Telecom tax imposed in 1898 finally ends

Levied on wealthy Americans with phones in 1898 to help fund Spanish-American War, tax was discontinued Tuesday.

The Spanish-American War has been over for more than 100 years, and now so is the tax imposed in 1898 to help fund it.

As of Tuesday, all phone companies selling long-distance phone service are legally required to eliminate the 3 percent federal excise tax on long-distance service, which had been established in 1898 as a luxury tax on wealthy Americans who owned telephones.

Verizon Communications said Tuesday that it has stopped collecting the 3 percent federal excise tax on monthly consumer telephone bills for long-distance and bundled services.

After a long legal battle and strong urging from Congress, the Internal Revenue Service and the Department of the Treasury decided in May to discontinue the federal 3 percent excise tax on long-distance telephone service effective Aug. 1.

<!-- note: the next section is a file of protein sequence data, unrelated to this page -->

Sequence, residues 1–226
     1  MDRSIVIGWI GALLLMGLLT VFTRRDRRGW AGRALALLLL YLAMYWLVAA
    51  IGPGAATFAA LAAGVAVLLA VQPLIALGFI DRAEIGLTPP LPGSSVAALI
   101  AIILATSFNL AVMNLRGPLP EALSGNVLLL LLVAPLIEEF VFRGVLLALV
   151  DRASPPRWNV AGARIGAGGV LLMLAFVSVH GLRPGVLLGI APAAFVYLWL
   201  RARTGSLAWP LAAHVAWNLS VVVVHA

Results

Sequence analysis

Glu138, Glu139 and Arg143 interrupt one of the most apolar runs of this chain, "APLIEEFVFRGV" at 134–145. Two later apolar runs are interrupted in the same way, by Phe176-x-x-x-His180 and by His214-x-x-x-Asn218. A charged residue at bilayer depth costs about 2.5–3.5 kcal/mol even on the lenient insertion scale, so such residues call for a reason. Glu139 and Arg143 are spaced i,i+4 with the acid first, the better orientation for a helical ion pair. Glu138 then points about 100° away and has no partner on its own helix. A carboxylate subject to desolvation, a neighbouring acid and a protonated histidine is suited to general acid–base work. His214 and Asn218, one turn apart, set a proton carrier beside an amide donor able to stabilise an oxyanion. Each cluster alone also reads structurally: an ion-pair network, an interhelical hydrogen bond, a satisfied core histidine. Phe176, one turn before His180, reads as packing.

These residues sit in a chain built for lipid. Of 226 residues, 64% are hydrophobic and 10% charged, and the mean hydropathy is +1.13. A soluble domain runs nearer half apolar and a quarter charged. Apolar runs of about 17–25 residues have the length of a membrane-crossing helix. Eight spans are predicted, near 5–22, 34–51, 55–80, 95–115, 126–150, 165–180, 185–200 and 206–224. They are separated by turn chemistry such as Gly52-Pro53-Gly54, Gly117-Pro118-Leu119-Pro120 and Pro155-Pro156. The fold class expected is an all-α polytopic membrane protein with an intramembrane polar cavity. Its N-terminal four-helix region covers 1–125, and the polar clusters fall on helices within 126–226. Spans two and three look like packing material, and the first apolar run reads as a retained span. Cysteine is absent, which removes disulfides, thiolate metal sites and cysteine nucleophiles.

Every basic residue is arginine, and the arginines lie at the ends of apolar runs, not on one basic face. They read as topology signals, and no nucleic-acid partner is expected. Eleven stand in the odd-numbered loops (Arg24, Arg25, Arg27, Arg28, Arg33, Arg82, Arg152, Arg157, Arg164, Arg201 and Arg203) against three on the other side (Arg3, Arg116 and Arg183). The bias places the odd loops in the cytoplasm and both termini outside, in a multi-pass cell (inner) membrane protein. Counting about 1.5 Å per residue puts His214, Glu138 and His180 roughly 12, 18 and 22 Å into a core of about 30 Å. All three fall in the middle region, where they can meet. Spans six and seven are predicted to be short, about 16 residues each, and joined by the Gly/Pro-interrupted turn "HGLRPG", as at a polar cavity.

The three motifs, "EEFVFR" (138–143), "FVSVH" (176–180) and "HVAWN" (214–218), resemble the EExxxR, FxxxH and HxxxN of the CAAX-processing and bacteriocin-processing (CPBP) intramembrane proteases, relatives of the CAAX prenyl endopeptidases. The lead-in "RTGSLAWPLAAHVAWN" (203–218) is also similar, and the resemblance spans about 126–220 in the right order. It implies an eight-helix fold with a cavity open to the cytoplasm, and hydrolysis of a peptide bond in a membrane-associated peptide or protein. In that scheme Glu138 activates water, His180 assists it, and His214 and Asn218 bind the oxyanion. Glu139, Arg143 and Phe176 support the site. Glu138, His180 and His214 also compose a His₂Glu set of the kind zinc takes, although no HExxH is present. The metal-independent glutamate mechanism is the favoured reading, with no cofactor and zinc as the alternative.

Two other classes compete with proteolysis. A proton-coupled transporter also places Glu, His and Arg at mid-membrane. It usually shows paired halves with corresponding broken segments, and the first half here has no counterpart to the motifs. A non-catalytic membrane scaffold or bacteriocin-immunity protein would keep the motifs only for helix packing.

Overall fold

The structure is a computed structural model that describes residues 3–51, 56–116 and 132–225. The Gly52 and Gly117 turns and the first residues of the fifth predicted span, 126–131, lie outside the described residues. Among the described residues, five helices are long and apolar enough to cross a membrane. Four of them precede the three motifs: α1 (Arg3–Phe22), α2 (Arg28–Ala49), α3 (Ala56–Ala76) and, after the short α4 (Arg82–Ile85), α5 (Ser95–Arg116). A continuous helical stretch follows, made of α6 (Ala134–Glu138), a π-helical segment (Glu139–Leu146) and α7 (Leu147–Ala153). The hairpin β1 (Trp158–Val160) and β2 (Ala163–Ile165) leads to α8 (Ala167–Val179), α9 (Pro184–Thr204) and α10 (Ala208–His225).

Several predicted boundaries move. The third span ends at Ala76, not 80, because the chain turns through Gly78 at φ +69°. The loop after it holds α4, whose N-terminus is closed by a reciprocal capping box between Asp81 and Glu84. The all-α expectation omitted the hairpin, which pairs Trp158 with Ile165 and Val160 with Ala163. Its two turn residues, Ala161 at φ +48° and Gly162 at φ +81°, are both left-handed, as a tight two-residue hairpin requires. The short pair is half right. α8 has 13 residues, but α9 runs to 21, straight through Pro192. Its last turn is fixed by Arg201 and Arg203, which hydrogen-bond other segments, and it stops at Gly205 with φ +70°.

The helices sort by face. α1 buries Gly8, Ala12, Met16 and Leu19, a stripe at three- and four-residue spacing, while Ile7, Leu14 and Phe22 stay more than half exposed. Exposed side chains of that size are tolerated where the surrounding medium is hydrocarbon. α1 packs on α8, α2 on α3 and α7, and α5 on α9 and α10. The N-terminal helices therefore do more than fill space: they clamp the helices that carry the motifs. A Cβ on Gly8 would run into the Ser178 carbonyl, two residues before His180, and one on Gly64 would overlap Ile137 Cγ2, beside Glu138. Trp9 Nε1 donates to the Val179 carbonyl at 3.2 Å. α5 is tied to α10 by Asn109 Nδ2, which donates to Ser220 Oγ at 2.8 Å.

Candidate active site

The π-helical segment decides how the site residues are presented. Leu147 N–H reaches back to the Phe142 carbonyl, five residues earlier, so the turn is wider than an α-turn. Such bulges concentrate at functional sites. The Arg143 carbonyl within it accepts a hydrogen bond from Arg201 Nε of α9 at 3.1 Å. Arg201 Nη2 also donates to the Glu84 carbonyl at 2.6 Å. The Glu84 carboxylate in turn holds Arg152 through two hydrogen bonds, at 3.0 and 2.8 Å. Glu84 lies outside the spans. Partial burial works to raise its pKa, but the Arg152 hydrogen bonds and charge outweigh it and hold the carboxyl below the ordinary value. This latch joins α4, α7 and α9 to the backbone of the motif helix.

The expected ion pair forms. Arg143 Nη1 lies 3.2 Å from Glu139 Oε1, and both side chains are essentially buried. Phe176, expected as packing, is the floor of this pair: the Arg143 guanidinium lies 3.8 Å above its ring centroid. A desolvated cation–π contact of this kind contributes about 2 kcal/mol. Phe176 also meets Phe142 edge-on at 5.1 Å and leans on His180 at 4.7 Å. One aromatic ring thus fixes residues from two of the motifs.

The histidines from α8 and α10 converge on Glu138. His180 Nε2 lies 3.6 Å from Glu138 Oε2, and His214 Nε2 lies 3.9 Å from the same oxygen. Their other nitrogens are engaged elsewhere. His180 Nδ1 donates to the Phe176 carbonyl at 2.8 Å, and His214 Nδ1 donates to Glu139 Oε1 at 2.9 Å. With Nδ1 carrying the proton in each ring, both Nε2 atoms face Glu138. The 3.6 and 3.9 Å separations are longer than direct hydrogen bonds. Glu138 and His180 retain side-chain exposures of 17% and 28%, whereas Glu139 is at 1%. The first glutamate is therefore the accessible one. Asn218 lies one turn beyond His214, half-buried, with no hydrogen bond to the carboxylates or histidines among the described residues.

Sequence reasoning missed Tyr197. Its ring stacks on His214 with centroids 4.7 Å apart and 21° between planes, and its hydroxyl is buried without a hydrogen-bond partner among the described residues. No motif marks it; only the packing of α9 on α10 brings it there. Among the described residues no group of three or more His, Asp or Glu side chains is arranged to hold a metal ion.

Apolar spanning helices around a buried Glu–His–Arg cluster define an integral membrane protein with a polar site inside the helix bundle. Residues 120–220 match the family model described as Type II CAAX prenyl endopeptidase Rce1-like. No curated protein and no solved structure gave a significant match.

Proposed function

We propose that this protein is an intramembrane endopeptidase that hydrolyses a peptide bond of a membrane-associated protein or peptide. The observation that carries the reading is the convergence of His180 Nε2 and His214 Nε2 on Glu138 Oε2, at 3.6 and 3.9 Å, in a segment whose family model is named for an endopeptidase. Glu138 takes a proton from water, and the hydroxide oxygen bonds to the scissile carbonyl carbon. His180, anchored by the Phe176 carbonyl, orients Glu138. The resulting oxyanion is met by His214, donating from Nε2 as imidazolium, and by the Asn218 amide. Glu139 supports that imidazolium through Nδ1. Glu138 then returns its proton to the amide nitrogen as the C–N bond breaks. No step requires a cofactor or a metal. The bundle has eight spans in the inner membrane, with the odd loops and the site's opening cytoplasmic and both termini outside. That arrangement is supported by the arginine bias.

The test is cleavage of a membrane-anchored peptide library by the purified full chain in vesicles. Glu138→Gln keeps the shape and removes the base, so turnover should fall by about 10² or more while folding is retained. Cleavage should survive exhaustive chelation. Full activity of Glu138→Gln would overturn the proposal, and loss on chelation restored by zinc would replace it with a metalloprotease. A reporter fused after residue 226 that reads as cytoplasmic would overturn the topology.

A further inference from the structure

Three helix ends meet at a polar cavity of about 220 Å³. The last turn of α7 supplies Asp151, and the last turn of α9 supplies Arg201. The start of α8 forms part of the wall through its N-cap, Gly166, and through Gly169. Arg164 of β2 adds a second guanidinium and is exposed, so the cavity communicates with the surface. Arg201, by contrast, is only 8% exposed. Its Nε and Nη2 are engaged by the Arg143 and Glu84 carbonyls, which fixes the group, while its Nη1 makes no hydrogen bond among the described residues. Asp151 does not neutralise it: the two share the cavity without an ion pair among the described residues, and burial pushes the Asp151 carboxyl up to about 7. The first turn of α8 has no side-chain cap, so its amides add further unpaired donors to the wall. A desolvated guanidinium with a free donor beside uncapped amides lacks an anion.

It also decided not to apply the tax to wireless, voice over Internet Protocol service, prepaid telephone cards and other bundled services. The IRS also said it would allow taxpayers to claim a refund in 2007 for taxes collected on those services retroactive to February 2003.

The last portion of the tax, pertaining only to local telephone service, remains in effect. But Verizon and other telecom companies are urging Congress to repeal the tax in total this year.

"We have been working for years on behalf of our customers to eliminate this outdated and regressive tax," Bob Ingalls, president of Verizon's Retail Markets Group, said in a statement. "This is a good first step in alleviating consumers' telephone tax burden."

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